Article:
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Many school districts don't comply with safety law

Liberty, Long apparently have complied

POSTED: December 26, 2008 5:00 a.m.
ATLANTA - Nearly a decade after Georgia passed a law requiring school systems to get state approval of security plans, nearly 20 percent of the state's districts haven't complied.

The list of schools that have not complied with the law does not include Liberty and Long counties'. The closest schools not in compliance are McIntosh County's.

And half of the 32 districts without approval have never bothered to turn their security plans in to the Georgia Emergency Management Agency, according to an Associated Press review of state data. But state officials have little power to enforce the law because the statute includes no penalties for districts that don't seek approval.

"We would like to think a school system would comply because it is the law," said Buzz Weiss, spokesman for the Georgia Emergency Management Agency. "We would like to have 100 percent, but we realize that's very unlikely."

State officials say all 184 school systems in the state have some type of security plan in place, but not all of them have been OK'd by GEMA.

To get GEMA's approval, each school must create a security plan addressing a variety of potential threats - from severe weather to a gunman on campus - and turn them into the district office. The district then hands the plans over to GEMA, which can ask for changes before granting approval.

Administrators in many of the delinquent districts reached by The Associated Press say they are working with GEMA to get in compliance with the law. They blamed budget and personnel constraints, which often keep them focused on meeting federal No Child Left Behind mandates.

"You've only got a few people to do it," said Billy Thompkins, director of operations for Sumter County Schools, which has 5,300 students in eight schools in south Georgia. "We've got a solid plan in place for protection of our staff and kids. Getting it approved by the state is a good thing, but we went ahead and implemented our own safety plan."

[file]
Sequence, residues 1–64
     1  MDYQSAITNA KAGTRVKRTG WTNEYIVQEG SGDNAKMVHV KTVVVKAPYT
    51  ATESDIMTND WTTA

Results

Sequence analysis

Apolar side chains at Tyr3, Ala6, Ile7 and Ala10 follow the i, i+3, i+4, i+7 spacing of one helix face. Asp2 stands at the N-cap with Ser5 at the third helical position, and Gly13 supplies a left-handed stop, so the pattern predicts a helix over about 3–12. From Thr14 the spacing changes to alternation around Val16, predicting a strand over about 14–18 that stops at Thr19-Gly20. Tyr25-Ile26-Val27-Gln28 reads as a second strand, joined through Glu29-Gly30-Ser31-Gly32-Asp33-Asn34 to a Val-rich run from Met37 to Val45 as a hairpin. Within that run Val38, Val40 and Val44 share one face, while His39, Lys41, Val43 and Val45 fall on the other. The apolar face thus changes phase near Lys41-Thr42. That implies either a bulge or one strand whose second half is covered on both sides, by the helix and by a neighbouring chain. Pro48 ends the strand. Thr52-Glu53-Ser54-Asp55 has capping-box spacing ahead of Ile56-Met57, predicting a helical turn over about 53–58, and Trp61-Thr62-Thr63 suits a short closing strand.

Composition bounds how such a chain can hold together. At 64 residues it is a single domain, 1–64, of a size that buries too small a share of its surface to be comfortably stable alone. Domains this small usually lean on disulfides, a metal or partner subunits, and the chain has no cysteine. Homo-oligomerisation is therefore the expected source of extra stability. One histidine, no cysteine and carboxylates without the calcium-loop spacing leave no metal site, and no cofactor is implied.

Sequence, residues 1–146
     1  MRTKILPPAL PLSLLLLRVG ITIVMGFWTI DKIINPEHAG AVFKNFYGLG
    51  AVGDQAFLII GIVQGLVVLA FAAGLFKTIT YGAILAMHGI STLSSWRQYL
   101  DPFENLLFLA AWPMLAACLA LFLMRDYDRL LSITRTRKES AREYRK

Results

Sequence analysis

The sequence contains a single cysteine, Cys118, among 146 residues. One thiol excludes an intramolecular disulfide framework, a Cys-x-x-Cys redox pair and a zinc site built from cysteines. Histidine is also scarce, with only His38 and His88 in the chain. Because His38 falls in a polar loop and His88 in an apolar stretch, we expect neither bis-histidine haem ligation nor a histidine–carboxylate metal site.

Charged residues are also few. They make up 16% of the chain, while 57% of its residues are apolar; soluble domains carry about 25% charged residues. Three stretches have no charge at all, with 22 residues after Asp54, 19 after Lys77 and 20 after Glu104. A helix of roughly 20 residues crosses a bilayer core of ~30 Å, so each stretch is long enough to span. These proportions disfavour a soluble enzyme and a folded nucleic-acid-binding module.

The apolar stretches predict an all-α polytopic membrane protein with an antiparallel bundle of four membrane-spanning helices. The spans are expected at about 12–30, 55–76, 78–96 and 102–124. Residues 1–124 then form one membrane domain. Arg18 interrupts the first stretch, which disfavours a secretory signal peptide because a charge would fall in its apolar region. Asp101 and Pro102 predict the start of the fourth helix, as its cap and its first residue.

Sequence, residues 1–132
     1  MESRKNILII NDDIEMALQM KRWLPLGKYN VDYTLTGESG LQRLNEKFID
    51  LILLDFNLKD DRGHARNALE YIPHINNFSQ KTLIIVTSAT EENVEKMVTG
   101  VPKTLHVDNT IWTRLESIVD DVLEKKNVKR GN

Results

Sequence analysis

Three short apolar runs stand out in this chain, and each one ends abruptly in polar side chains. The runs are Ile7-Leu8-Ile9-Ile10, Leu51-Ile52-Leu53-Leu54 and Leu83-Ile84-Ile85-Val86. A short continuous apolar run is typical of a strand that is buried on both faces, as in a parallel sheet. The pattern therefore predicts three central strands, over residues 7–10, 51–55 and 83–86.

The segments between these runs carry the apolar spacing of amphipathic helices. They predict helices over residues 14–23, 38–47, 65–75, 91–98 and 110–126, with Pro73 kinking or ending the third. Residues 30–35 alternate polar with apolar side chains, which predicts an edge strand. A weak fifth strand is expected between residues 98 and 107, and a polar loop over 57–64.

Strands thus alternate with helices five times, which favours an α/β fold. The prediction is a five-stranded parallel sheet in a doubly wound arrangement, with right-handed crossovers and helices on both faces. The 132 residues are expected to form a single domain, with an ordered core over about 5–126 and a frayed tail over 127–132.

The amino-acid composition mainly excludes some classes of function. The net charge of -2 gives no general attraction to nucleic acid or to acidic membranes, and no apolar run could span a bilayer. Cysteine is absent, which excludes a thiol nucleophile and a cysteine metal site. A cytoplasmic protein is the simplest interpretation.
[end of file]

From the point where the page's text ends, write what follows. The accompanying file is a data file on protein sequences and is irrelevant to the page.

The district is working on getting GEMA approval, he said.

Most of the districts that don't have approved security blueprints are small - less than 5,000 students. But a few are among the largest districts in the state, including the troubled Clayton County school system with 48,000 students.

Clayton County lost its accreditation with the Southern Association of Colleges and Schools in September because of problems with its school board. John Walker, director of school safety for the district, said he has gotten a letter from GEMA granting approval.

"We have received documentation that we have an approved plan," he said.

Weiss said GEMA is working with the district to get each school's security measures in line.

The Georgia law was passed in 1999 just before the Columbine High School massacre in Colorado in April.

The idea was that GEMA can better help school districts in emergencies if the agency knows the school's protocol in advance. And districts that have emergencies can better fend off lawsuits filed by angry parents if they have a state-approved security plans in place.

"The average parent drops off their kid in morning at school and assumes all i's are dotted and t's are crossed," said Kenneth Trump, president of the National School Safety and Security Services, a Cleveland, Ohio-based school safety firm. "In reality we should not have to have any state laws or mandates for schools to have safety preparedness in place because it's the right thing to do."

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